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Aug. 23, 2013
TOPEKA Kansas officials on Friday vowed to bolster support for suicide prevention and awareness efforts going on throughout the state.
Suicide, they said, should be viewed as a public health issue that warrants open discussion.
“The impact of suicide on survivors such as spouses, parents, children, family, friends, and co-workers is gravely significant, both immediately and over the long term,” said Kansas Department for Aging and Disability Services Secretary Shawn Sullivan, addressing a forum coordinated by KDADS, the Kansas Department of Health and Environment, and Headquarters Counseling Center in Lawrence.
“Suicide is a public health issue, and it is largely preventable,” Sullivan said.
About 30 people — a mix of state officials, advocates, and parents whose children had died by suicide — attended the two-hour session. KDHE Secretary Dr. Robert Moser also addressed the gathering.
“Too many Kansans die by suicide each year — our sons, daughters, moms, dads, friends, people we used to sit next to at church, co-workers, people we saw around town,” said Marcia Epstein, program director at Headquarters Counseling Center.
According to data on the KDHE website, Kansas recorded 384 suicides in 2011.
“The impact of suicide is huge, confusing and painful,” Epstein said. “And although suicide is never someone else's fault, those left behind often feel so guilty.”
Epstein encouraged advocates, anyone who’s contemplating suicide, or anyone who might suspect that another person in considering suicide, to call National Suicide Prevention Lifeline, 1-800-273-8255, or visit the Kansas Suicide Prevention Coalition’s website.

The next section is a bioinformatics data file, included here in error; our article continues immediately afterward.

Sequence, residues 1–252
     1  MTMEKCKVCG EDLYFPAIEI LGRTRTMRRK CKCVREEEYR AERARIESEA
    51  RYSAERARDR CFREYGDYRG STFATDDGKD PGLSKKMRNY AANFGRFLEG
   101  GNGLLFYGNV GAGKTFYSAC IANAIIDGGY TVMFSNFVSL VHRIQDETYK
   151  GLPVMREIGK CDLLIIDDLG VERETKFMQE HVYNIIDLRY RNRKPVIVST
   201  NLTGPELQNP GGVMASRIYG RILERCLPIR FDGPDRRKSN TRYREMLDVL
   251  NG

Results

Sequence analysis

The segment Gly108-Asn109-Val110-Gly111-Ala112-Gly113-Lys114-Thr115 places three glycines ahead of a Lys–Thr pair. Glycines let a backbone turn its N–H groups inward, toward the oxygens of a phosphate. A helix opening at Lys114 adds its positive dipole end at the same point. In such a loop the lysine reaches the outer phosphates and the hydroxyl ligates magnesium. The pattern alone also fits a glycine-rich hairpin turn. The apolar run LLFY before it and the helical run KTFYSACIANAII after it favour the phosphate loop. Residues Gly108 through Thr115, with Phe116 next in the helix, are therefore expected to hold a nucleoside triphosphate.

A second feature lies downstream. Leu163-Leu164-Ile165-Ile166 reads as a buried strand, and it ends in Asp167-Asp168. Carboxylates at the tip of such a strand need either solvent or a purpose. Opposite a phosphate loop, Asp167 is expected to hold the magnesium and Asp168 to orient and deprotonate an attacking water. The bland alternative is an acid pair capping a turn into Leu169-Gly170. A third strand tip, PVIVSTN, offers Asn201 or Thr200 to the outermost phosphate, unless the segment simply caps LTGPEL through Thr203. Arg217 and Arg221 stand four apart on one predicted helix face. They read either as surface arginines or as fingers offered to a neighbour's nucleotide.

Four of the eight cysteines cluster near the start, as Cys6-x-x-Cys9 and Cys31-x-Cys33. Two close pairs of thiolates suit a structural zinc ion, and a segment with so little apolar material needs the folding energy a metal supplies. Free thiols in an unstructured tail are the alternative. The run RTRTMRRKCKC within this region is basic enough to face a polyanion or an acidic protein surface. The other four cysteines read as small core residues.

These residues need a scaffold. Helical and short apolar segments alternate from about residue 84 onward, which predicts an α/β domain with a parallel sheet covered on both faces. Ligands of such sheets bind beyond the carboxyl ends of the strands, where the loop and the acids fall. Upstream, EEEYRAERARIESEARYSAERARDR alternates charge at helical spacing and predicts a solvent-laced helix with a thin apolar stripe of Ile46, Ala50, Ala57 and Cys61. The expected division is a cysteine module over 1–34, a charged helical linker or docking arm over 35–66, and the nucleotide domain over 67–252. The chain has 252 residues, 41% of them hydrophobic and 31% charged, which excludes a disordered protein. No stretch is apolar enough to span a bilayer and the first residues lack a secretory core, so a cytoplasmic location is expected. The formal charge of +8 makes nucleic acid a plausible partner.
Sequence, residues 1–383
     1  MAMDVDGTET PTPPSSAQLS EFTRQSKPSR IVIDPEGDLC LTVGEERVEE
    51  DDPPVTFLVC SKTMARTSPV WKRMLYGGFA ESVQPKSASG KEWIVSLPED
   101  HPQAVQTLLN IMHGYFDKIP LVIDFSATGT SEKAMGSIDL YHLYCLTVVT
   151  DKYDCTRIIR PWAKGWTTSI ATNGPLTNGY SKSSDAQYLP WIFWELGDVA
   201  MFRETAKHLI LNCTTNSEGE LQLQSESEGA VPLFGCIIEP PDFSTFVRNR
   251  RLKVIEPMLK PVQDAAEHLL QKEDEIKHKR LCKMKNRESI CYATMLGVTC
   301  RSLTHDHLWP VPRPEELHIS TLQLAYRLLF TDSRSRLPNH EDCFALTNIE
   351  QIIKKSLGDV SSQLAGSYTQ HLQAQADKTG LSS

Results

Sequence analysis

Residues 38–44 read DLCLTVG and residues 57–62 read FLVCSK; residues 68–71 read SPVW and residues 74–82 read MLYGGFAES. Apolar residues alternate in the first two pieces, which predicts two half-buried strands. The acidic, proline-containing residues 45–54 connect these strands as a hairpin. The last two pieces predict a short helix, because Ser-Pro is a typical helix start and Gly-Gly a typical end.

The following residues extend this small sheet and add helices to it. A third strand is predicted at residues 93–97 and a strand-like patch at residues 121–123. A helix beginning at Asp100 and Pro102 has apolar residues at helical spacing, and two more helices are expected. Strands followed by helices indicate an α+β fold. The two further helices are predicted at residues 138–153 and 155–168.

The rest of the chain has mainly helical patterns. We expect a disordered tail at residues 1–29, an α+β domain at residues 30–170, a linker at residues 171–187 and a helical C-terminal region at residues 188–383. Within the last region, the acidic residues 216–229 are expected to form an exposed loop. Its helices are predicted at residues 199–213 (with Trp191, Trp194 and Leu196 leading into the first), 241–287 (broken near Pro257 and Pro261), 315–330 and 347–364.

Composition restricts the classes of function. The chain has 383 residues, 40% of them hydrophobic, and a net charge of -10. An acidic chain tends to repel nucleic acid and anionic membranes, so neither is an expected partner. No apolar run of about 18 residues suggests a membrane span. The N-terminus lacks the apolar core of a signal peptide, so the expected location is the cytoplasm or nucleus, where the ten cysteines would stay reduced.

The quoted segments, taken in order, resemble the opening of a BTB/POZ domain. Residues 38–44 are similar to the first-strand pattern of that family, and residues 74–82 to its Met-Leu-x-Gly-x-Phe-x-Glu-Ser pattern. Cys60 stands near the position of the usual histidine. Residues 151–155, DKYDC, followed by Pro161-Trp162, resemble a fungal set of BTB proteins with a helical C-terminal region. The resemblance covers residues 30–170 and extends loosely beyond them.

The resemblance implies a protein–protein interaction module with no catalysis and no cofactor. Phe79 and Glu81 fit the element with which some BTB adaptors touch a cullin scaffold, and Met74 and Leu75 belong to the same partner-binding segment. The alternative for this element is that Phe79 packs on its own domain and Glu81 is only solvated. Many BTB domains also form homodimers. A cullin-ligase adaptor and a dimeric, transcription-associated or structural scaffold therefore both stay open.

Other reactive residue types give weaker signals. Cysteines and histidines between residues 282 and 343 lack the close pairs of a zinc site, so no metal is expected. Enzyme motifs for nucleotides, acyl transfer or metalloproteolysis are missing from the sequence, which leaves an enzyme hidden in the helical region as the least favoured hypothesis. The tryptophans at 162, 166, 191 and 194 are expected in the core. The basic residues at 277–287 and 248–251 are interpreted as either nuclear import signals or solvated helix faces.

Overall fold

Organizations interested in hosting presentations on suicide awareness and prevention were encouraged to Chris Maxwell at Chris@KansasSuicidePrevention.org.
Epstein praised Sullivan and Moser for their interest in suicide prevention. “The fact that the secretaries cleared that much time on their calendars to be a part of this shows a commitment that’s exactly what we need right now,” she said.
In Kansas, four counties have started suicide prevention coalitions: Harvey, Johnson, Sedgwick, and Shawnee. Also, there’s a Great Bend-based prevention task force active in Barton, Pawnee, Rice, Rush, and Stafford counties.
The numbers of suicides in Kansas since 2001:
Nationally, suicide is the 10th leading cause of death; for young adults ages 15 to 24, it’s the third leading cause.
Also on Friday, Gov. Sam Brownback signed a proclamation designating Sept. 8-14 as Suicide Prevention Week in Kansas.
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